Bigger than an iPod Touch, around the size of a Netbook, somewhat similar in size to a Kindle, but much more capable and versatile. There’s an aura of mystery and anticipation about whatever it is that Apple is going to introduce early in 2010, some say as early as the end of January.
Most of the folks who follow this stuff say whatever-it-is will be about ten inches tall, and will have a high-resolution screen. You’ll likely be able to read PDF’s on it, which would be important to the medical and legal professions, and school districts may be able to save on the cost of buying textbooks.
Some have gone so far as to say it’s a “Kindle-killer”, that Steve Jobs is out to put the Kindle to bed without supper and make this new device the last one you’ll ever need to read books. Sony and Barnes and Noble have products that compete with the Kindle, but some techies say the new Apple device will knock them to the curb.
I have a friend back east who knows a lot more about the tech world than I, and he casts a gimlet eye on the Apple whatever-it’s-going-to-be-called tablet. He points out that the young folks are almost always the early-adopters, and it’s not like they’re voracious readers. They can already watch video and listen to music on their smart phones and iPods, and he says they’re not likely to lug around a battery-gobbling tablet or trade in their web-enabled PDA for one.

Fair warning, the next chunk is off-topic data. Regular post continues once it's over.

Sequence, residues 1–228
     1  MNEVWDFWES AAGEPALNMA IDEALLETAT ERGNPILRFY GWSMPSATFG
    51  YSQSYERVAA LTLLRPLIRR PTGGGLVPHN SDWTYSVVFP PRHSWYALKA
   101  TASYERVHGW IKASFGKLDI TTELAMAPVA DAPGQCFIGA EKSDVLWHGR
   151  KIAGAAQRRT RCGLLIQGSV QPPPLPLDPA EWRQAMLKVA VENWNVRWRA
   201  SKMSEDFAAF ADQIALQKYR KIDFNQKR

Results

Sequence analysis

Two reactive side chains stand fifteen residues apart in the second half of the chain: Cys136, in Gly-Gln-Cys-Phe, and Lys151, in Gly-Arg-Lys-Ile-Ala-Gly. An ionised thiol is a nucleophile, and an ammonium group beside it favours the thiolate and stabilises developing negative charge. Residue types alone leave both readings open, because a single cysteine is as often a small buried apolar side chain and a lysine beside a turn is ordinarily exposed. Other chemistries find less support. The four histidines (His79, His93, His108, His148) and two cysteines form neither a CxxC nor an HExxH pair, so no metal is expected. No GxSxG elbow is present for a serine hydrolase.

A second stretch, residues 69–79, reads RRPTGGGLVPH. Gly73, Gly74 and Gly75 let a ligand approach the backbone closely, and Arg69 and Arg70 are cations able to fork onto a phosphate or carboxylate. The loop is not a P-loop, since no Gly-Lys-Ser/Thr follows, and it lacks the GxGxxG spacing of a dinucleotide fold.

As a former broadcaster, though, here’s what intrigues me. I keep hearing in the blogosphere that the iTunes store is being revamped, and it’s more than just a facelift. A guy whose stuff I read a lot, another former broadcaster, Jerry Del Colliano, thinks the iTunes store is getting ready for books, newspapers, video and audio blogs, and…..TELEVISION.
Television on a ten-inch tablet?
Be afraid, my friends in the local TV biz. If Apple develops the paid subscription model everybody’s been trying to do, you’re in big trouble. The FCC is already being pushed hard by the purveyors of mobile wireless communications to do away with the entire TV spectrum and auction it off to them, relegating all TV to cable or satellite transmission.
If Apple becomes the paid subscription model for streaming music “stations”, it could either provide local radio broadcasters with a tremendous business opportunity….or, more likely, further damage an industry which has been in self-destruct mode for a long time. The typical radio station cluster in markets the size of Madison spends less than 5% of its budget on developing “new media”. Not the smartest move in the 21st century.
Broadcasters have long said local content will win most wars, but - they’d darn well better figure out how to get their “local content” onto diversified delivery systems in the next year, or pay the price of being a buggy whip in the jet age.